Getting away from it all
When it was time to pack for a mini-vacation with my husband, I found myself getting more and more excited.
I was relishing the thought of the two of us getting away together.
It might sound strange to look forward to a vacation because for retirees, every day is a vacation.
But even when there is no compelling schedule in your everyday life and you can basically design your own day, there is always more freedom when you're away on vacation.
Dave and I try to make every phase of our trips fun. In times past, whenever I was on the road traveling, I would stop for lunch at a restaurant. With Dave, I no longer do that.
We pack a lunch, bring along some sodas and look for a nice picnic spot when we are hungry.
It saves the time it would take to sit in a restaurant and it sets a relaxing mood when we find a tranquil place to stop and picnic.
Plus, it differs so much from being home. At home, or near home, we think nothing of stopping for lunch at a restaurant when we are away from home at mealtime. But we never pack a picnic lunch and enjoy a scenic place.
There is so much about being on vacation that differs from being home.
Sure, it might seem similar on the surface. There's the same warm weather, the same pleasant surroundings, maybe even the same kind of palm trees gently swaying in the breeze.
But when I'm home in the Nature's Paradise that surrounds my house, I see too many things that intrude on my peace.
If I'm outside in my garden watching the birds, I'll notice that the garden needs to be weeded. Or, if I'm in my swimming pool, I'll remember I have to have the pool water tested and power scrub the deck.
I think we're all like that in our own surroundings. We're always looking around, seeing things that have to be done.
When I'm away on vacation, if I see peeling paint it registers only as quaint, not as something else I have to get around to doing.
That only makes a trip more relaxing.
We also see differently when we are away. Photographers call it "seeing with new eyes."
When we look at any scene with fresh eyes, we appreciate more of what is before us.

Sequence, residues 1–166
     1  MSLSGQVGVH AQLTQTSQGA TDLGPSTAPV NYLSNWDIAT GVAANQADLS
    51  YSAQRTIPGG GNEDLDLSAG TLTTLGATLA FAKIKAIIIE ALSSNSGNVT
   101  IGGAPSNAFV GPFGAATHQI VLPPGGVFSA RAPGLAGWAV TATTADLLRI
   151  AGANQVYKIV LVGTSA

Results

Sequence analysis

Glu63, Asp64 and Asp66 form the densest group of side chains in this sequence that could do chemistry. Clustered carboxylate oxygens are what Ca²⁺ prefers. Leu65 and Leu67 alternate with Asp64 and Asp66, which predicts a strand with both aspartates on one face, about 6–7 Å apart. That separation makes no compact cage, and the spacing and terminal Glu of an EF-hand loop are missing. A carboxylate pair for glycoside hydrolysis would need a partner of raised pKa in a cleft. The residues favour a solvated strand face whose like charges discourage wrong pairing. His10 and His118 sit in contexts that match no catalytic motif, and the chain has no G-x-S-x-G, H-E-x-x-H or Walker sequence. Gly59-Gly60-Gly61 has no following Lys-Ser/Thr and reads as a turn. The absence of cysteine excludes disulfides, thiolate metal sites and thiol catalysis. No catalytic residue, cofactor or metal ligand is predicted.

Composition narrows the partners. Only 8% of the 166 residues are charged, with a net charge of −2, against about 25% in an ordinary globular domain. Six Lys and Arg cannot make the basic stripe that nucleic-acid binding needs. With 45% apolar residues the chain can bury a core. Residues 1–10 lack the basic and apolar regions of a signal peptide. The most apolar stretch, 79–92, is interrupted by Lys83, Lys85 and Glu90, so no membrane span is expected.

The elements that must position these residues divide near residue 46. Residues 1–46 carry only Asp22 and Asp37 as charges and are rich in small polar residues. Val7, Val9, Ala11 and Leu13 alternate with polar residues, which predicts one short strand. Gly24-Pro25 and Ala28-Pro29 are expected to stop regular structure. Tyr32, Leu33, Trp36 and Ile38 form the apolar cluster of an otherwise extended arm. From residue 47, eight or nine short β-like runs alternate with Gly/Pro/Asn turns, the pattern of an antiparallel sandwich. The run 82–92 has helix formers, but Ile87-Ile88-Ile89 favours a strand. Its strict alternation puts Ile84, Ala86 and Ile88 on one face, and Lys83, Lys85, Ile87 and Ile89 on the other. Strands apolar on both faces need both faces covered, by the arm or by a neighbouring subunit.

I love my house and don't like to leave it for long. That's why when we do plan a trip, I only like to go for three days.
For the past few years, Dave and I have made a point of picking vacation destinations within three or four hours from home. I find there are so many places within that traveling time that I haven't seen.
This year, for my birthday, we took off for three days at Florida's Crystal Springs and Rainbow River. We had fun kayaking in crystal clear water, enjoying the opportunity to see what goes on in the underwater world.
I watched a mama turtle swim underwater with two babies on her back. Coming at them from the opposite direction was a baby alligator. I expected the turtle family to face danger from the alligator but it just swam on by.
The big alligator at the edge of the water ignored the kayakers and didn't move when we came closer for photos.
The best photos were probably the ones that will remain in my mind - visual memories of majestic oak trees draped with Spanish Moss lining a pristine river that looks like something from the past.
We often comment that we can see beautiful scenery like that but we can't seem to capture its majesty in photos. But it does restore one's soul to revel in nature's beauty.
Don't I do that at home? Of course. I do it everyday. But when I travel and become a tourist, I relax more and spend more time doing nothing except to inhale the beauty around me.
No matter how relaxing everyday life may be, a mini vacation offers even more relaxation and tranquility.
I've always been firmly convinced that when couples go away together, they have an opportunity to tune in more to each other. There is not the distraction of everyday life, everyday chores, and everyday routine. We get away from our computers and TVs and concentrate on each other.
I'm firmly convinced, also, that we're "different people" on vacation. Maybe it's because all that leisure allows our best side to come out. Maybe it's because the newness of a vacation spot spurs us to have more fun and enjoyment. Or, maybe it's just that we appreciate each other more when we take the time to really talk and have fun together.
Whatever the reason, it can add up to "going away with an interesting stranger," even if that person is one who has shared your life for decades.
Try it for yourself. You don't have to spend a lot of money or go away for a long time to reap the rewards of time away from home.
A mini vacation has its own restorative powers.